You're under threat of death, of great bodily harm, or another person is. So, you just have to be a little careful about that. Police are well trained. They know the circumstances under which you can use lethal force. So I would just be a little careful if I were running this thing about how I communicated that to the officers.
REID: And, Andrew, clearly he's gotten his hand on new clothes. He appears to be eating. He also stole a car. How big of a concern is that that he's going to be able to get his hands on weapons?
MCCABE: Well, you know, it could happen very easily, Paula. We know that he's gone into residences in search for the basic support that he needs in terms of clothes and food and things like that. It's not a big leap, if you've broken your way into someone's house and you're in their kitchen looking for food, it's not hard to find a carving knife or a pair of scissors or something like that. So he could very easily arm himself pretty quickly.
And we know that he has killed two people in the past with a bladed -- with an edge weapon. So, you know, it's -- he doesn't have to get his hands on an AR-15 to become lethally dangerous to the people he interacts with.
REID: Chief Charles Ramsey and Andrew McCabe, thank you.
And a stunning toll. More than 2100 people are dead after an earthquake in Morocco. Rescuers are now scrambling to find people who may still be alive under the rubble, as survivors sleep outside. What kind of help is most needed there now? Plus, the new legal challenge filed by Rudy Giuliani against the charges he's facing in Georgia.
You're in the CNN NEWSROOM.
REID: A critical search and rescue operation is underway in Morocco after a powerful earthquake hit on Friday. Officials report more than 2100 deaths and even more injuries. Remote villages in the Atlas Mountains near the epicenter are in ruins. Access to the area is proving difficult, with tons of rubble blocking key rail and roadways.
Teams from the French aid group, Doctors Without Borders or MSF, are in the hard-hit area. The U.S. executive director of that organization Avril Benoit joins us now.
MSF posted some photos on Friday from teams on the ground in Morocco. What's the latest you're hearing from your staff on the ground?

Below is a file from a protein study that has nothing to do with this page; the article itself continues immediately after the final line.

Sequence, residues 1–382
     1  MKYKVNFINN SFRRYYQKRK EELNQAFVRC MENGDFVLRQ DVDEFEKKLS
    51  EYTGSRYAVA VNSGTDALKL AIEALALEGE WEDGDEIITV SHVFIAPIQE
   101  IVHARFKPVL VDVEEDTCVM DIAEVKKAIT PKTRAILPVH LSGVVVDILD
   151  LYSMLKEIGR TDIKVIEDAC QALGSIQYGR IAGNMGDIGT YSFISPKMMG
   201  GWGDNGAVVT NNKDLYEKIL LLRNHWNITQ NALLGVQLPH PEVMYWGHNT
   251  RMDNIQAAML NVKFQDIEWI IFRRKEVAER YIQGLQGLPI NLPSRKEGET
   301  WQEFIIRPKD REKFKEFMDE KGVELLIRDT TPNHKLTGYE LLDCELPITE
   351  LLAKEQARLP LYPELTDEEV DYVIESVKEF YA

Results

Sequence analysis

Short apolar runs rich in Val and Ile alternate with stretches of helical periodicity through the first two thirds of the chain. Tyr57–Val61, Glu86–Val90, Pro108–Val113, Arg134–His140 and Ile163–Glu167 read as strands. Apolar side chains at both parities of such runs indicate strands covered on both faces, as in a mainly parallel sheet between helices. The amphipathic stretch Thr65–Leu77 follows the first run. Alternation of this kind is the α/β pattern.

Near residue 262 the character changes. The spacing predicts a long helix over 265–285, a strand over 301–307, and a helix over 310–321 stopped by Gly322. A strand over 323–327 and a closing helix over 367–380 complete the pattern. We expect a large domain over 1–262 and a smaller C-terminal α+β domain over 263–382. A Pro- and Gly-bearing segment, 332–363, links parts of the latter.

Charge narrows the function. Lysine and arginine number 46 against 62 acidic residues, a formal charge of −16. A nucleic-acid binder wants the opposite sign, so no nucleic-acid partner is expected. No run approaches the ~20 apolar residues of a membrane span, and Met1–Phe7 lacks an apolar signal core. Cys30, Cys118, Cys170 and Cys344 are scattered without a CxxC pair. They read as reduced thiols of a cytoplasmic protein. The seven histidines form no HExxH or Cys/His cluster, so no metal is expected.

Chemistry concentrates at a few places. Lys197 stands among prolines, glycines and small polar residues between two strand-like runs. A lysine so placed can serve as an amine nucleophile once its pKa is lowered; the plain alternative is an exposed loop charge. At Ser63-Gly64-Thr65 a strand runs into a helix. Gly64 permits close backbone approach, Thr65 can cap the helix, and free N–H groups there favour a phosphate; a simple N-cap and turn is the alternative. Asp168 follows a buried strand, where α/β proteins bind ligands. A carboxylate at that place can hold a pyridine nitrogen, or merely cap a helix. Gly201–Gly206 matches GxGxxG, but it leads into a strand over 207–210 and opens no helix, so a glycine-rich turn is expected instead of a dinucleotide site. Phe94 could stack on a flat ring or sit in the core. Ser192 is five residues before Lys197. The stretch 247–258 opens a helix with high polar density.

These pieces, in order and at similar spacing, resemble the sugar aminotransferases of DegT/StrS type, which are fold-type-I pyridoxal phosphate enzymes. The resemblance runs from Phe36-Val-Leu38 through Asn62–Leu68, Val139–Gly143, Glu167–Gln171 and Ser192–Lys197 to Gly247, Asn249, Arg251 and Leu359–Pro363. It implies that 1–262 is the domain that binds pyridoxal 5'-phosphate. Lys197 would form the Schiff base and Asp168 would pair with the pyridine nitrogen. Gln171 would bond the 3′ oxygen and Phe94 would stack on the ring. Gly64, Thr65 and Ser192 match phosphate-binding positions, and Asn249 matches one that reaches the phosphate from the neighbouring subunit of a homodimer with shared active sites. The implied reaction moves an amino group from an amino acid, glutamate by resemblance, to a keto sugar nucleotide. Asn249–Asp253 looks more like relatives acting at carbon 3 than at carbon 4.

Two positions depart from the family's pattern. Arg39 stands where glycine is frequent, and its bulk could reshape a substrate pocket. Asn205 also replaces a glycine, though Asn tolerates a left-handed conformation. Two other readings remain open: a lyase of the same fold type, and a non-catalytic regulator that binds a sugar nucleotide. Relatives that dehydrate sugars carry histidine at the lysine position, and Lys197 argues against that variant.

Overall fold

AVRIL BENOIT, EXECUTIVE DIRECTOR, DOCTORS WITHOUT BORDERS: We have deployed three teams to do assessments on the ground. And the teams are typically composed of a doctor, a few senior nurses, and specialists in logistics, so how to move supplies from here to there and to assess also the stability of some of the structures where you might want to continue to do medical facilities.
And what our teams have reported from Amizmiz, for example, which is one of the villages in the High Atlas that was most affected by the earthquake, is that a local clinic had some medical staff who were receiving wounded non-stop. And they have been working 36 hours straight at the moment that our team arrived. What we're trying to do then is to see, OK, they've got lacerations, they got broken bones. You've got cranial injuries.
You also know that when people are pulled out of the rubble, they may have sustained more severe injuries, for example, crush syndrome, where your limbs are basically compressed so much that it risks all the circulation.
You can have infections that are deadly. And so there's always this very tense situation where you try to save the limb, but sometimes it ends up with amputation. So the more severe cases have been moved by ambulance and transported, as they are taken out of the rubble, to referral hospitals in Marrakech. So that is good so far. But what our teams reported on the ground is that the Moroccan medical staff at this clinic were exhausted.
They were using the supplies that they already had on hand and were beginning to run low. And so our goal is to assess, how can we help them, make that offer to the government in a formal way, which is required in Morocco, and then hope that the Moroccan government, the emergency commission, the authorities that are now taking care of how to wrangle all this aid offer will give us the green light to be able to deploy more substantially, whether it's earthquake, specialized logistic staff, medical staff who know what to do in situations like this. Whatever they need, essentially from that medical humanitarian perspective, we are there with our offer.